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J Am Chem Soc. 2003 Oct 1;125(39):11794-5.

Designed helical peptides inhibit an intramembrane protease.

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Center for Neurologic Diseases, Harvard Medical School, Boston, Massachusetts 02115, USA.


gamma-Secretase cleaves the transmembrane domain of the amyloid precursor protein, a process implicated in the pathogenesis of Alzheimer's disease, and this enzyme is a founding member of an emerging class of intramembrane proteases. Modeling and mutagenesis suggest a helical conformation for the substrate transmembrane domain upon initial interaction with the protease. Moreover, biochemical evidence supports the presence of an initial docking site for substrate on gamma-secretase that is distinct from the active site, a property predicted to be generally true of intramembrane proteases. Here we show that short peptides designed to adopt a helical conformation in solution are inhibitors of gamma-secretase in both cells and enzyme preparations. Helical peptides with all d-amino acids are the most potent inhibitors and represent potential therapeutic leads. Subtle modifications that disrupt helicity also substantially reduce potency, suggesting that this conformation is critical for effective inhibition. Fluorescence lifetime imaging in intact cells demonstrates that helical peptides disrupt binding between substrate and protease, whereas an active site-directed inhibitor does not. These findings are consistent with helical peptides interacting with the initial substrate docking site of gamma-secretase, suggesting a general strategy for the development of potent and specific inhibitors of intramembrane proteases.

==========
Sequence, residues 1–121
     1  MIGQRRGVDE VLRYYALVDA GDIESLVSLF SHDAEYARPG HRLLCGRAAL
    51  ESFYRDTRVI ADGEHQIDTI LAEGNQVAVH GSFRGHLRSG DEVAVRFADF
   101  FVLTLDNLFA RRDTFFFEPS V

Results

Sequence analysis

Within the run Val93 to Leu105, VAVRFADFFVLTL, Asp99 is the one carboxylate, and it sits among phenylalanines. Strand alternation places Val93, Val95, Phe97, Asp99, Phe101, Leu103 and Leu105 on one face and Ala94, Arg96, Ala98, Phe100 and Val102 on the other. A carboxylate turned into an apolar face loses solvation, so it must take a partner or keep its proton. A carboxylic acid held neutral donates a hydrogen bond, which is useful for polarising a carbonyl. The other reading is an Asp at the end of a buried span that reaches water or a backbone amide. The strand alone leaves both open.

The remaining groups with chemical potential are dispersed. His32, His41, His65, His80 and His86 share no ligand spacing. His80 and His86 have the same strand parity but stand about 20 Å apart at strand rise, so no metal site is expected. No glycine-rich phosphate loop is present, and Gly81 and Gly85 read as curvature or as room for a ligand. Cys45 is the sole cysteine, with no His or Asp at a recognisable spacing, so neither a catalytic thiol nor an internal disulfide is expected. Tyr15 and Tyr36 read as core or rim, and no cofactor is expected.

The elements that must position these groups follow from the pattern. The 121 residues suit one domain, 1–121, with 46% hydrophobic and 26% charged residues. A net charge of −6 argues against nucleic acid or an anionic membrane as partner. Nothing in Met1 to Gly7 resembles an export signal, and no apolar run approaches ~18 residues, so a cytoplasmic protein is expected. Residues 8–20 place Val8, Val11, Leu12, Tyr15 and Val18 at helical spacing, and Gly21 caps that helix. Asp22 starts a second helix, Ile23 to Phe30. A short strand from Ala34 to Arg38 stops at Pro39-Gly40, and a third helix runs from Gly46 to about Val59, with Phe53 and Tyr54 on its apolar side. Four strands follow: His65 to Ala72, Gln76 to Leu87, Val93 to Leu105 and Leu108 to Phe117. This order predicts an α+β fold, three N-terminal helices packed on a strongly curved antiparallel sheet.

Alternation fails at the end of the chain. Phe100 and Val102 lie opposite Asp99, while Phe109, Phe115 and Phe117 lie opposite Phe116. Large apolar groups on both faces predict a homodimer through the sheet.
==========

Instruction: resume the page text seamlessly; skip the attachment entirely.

[Indexed for MEDLINE]

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